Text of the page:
Working in the United States
As an F-1 student, your primary purpose in the United States is to be a full-time student. However, we understand that volunteer work, internships, and paid work may play a key role in your time here. There are very specific rules and regulations surrounding employment for anyone holding a visa in the United States. It is very important to follow those rules and to ask questions when you don’t understand a situation.
Unauthorized work will result in the immediate termination of your visa.
Students attending Smith on an F-1 visa are permitted to have campus jobs as a benefit of their visa status.
F-1 regulations state that international students must NEVER exceed 20 hours of work in any given week during the semester. However, according to Smith College Student Employment policy, first-year students can only work 8 hours per week; returning students may work up to 10 hours per week.
Workday & Social Security Numbers
Students can find and apply for open job positions in Workday. In order to obtain a Social Security Number, a student must have an on-campus job offer.
Once you have your job secured, you must apply for a Social Security Number and complete all Payroll paperwork BEFORE beginning work. See our Social Security page for more information.
During the summer, as long as you are an active student returning to Smith for the next academic term, you may work on a campus job on the Smith College campus. Please note: Students who work during the summer must pay housing and food costs to stay on campus.
Students who wish to work during the summer outside of Smith College but still within the United States must have special permission.
To work off campus, you must have special permission; both types require that the work be within your major.
Curricular Practical Training
Students are eligible for Curricular Practical Training (CPT) during the summer after sophomore and junior years. You must be returning to Smith College after the summer, as approval of CPT requires an academic component, usually the completion of a special studies course under direction of a faculty member. CPT authorization is free.
Optional Practical TrainingStudents are eligible for 12 months of Optional Practical Training (OPT), which may be taken during breaks (summer) or following graduation. OPT requires a lengthy application and approval process that can take as long as 90 days, so it is important to consult with the Office of International Students and Scholars early if you are considering this option.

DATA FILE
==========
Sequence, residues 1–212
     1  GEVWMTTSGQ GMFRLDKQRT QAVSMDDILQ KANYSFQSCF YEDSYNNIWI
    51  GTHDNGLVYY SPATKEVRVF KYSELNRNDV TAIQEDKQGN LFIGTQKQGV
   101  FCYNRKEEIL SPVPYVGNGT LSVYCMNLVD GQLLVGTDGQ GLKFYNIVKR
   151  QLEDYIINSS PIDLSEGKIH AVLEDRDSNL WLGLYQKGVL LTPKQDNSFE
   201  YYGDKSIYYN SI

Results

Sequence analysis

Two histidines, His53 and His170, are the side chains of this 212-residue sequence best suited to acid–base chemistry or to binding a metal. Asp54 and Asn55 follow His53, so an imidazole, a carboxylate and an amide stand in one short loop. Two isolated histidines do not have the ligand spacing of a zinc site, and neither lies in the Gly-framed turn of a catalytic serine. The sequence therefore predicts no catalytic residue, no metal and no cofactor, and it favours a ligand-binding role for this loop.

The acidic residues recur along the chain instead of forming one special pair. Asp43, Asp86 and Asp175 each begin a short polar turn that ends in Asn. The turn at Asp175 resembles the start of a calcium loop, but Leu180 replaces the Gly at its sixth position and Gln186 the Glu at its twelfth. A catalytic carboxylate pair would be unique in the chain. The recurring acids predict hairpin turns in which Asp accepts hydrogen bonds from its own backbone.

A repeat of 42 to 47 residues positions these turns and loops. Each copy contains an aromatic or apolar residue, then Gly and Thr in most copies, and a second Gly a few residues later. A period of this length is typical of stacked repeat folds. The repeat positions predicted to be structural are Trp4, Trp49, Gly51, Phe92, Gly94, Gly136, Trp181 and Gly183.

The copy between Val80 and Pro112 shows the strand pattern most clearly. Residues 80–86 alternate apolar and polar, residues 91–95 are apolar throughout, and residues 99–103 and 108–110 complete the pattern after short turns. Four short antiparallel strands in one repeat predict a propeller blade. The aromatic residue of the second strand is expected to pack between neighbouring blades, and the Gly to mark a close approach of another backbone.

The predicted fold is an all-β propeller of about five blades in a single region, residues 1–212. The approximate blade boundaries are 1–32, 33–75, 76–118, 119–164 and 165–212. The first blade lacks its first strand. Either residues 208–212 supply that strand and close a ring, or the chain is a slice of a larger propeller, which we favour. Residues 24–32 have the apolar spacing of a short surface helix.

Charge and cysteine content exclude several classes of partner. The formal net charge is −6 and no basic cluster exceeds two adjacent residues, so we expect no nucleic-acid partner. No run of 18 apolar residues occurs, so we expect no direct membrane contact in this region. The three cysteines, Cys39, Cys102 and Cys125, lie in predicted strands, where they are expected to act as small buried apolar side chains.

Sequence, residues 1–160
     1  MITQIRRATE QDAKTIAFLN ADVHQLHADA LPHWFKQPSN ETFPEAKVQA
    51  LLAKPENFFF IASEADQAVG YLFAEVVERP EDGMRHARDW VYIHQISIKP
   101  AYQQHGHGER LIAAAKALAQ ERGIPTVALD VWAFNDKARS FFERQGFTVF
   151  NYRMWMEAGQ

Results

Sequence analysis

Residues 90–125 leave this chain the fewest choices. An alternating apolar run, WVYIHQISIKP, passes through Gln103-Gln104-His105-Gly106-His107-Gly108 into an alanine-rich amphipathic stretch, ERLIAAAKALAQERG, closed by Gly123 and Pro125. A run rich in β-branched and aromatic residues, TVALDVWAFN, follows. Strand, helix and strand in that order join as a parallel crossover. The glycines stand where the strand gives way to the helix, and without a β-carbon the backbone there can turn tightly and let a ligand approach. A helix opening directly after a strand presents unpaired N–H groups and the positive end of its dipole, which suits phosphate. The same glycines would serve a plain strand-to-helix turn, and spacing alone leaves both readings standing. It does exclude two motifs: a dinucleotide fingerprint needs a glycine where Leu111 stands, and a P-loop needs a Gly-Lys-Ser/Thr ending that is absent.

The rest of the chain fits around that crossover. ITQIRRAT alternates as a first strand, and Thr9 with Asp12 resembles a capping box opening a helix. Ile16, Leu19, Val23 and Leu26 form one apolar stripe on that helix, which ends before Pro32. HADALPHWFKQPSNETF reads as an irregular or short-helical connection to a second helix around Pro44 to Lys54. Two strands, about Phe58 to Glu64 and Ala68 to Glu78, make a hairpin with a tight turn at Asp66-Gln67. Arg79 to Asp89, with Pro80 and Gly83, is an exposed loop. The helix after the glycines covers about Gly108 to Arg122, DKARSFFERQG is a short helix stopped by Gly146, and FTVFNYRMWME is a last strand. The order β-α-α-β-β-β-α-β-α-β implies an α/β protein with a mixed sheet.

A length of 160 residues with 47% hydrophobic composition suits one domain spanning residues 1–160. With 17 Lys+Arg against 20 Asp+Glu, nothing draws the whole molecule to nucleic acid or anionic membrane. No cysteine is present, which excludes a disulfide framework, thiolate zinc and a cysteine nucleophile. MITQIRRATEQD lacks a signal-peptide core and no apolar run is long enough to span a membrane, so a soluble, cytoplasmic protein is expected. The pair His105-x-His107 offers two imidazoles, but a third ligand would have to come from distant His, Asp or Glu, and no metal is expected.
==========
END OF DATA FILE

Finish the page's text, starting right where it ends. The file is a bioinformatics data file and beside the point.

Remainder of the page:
Application for this program must be in your major, but does not carry a requirement for course credit. There is a $410 application fee required. Because this program is strictly optional, aid is not available for this program.
Volunteering & Unpaid Internships
Volunteering in set volunteer roles is allowable as an F-1 student. We encourage international students to connect with the Jandon Center for Community Engagement to identify great volunteer opportunities in the Pioneer Valley.
Volunteering in a position that would normally be paid, however, is problematic. This can be a violation of Department of Labor laws, since you should be paid for the hours you work in a job. Be wary of jobs that are normally paid but have made an exception because you are an international student.
Unpaid internships can be tricky, too. The ISSO strongly recommends CPT for all internships, regardless of payment, since CPT is really intended for any "practical training" experience, not just to get paid. This is also true for any internship supported by Praxis funding. If there is any compensation by the employer, financial or in-kind, CPT is absolutely required. Make sure to ask questions about any “stipends,” “reimbursements,” or other types of compensation you might receive, and talk with the ISSO ahead of time to make sure you have the right authorization.
For all unpaid internships in Massachusetts, certain criteria must be met. To learn more about these requirements, visite the Massachusetts Attorney General’s website on volunteers and interns. The United States Department of Labor website also lists similar national standards for unpaid internships.